Re: rat on mouse immunos
|From:||Cathy Gorrie <C.Gorrie@unsw.edu.au>|
I have always used a 5% solution of the serum from the host animal of
the secondary antibody. This is applied to the tissue for 30 mins
before incubation in the primary. You don't need to rinse it off.
Just shake or wipe off the excess.(See list archives for discussion
on the merits of these different techniques)
The idea behind this is that this serum will contain any number of
antibodies that will bind to other antigen in your tissue, thus
preventing cross reactivity later down the track.
Eg rat anti-mouse mac-3 is your primary, swine anti-rat might be your
secondary. therefore I would use 5% normal swine serum (made up in
your usual diluent) as the blocking agent.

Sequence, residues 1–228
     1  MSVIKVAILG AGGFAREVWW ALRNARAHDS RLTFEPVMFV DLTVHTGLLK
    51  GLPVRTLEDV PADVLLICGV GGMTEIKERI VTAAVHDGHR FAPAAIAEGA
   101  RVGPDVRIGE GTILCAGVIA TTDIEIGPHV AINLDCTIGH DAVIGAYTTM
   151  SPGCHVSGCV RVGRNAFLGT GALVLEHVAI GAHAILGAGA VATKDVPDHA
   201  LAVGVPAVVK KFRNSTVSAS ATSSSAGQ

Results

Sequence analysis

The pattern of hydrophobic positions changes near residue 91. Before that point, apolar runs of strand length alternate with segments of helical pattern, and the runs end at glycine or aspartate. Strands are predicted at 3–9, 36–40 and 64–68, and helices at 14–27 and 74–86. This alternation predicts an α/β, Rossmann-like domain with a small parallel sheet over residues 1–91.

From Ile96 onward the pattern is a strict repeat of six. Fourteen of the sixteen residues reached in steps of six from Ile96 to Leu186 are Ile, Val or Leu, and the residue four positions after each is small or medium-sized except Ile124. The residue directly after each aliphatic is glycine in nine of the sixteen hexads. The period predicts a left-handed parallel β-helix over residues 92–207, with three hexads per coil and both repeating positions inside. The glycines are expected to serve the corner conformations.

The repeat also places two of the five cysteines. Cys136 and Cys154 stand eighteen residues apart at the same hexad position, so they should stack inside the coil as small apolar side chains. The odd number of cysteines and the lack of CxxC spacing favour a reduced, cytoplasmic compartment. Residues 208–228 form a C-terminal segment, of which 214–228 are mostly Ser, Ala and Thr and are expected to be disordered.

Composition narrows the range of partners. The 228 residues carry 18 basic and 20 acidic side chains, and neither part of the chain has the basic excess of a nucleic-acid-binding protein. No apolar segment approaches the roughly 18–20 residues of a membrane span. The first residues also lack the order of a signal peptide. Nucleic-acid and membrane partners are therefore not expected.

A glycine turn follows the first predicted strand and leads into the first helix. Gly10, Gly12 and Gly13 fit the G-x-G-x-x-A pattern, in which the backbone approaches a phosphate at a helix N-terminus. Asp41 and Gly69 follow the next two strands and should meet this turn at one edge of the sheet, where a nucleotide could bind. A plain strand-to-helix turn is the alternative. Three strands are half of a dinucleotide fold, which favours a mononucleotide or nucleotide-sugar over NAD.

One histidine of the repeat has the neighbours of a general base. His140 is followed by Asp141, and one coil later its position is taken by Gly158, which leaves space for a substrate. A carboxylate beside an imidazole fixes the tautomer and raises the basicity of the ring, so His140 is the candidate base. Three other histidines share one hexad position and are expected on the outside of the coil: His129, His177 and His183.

The only problem would be if there was a stray antibody in the serum
that unfortunately binds to your target antigen ie mac-3 but this is
unlikely as primary antibodies now are highly specific and serum
antibodies are generally not.
As well, if you are using DAB/HRP systems, you will need to block for
endogenous HRP in the tissue, which is mainly found in blood vessels,
liver to name a few. This is accomplished by incubating in a 3% H2O2
in PBS solution prior to other staining. The H2O2 reacts with any
endogenous HRP in the tissue so it won't react when you come to do
the DAB reaction at the end.,
Hope this helps, Cheers Cathy
At 3:49 PM -0500 28/3/01, Rita Angel wrote:
>I have an immuno question for the animal research people out there. I have
>a mac-3 antibody which is rat anti-mouse. I will be staining mouse tissue.
> What kind of blocks do you use to block endogenous staining? Our normal
>block to use is 0.5ml of 2% mouse serum in 25mls of secondary. I rotate
>this for 1 hr. to allow binding and then use at the normal time (10 min.)
>Does anyone else have any other procedure that they use? This did not work
>the last time I used it.
>Thank you for your input,
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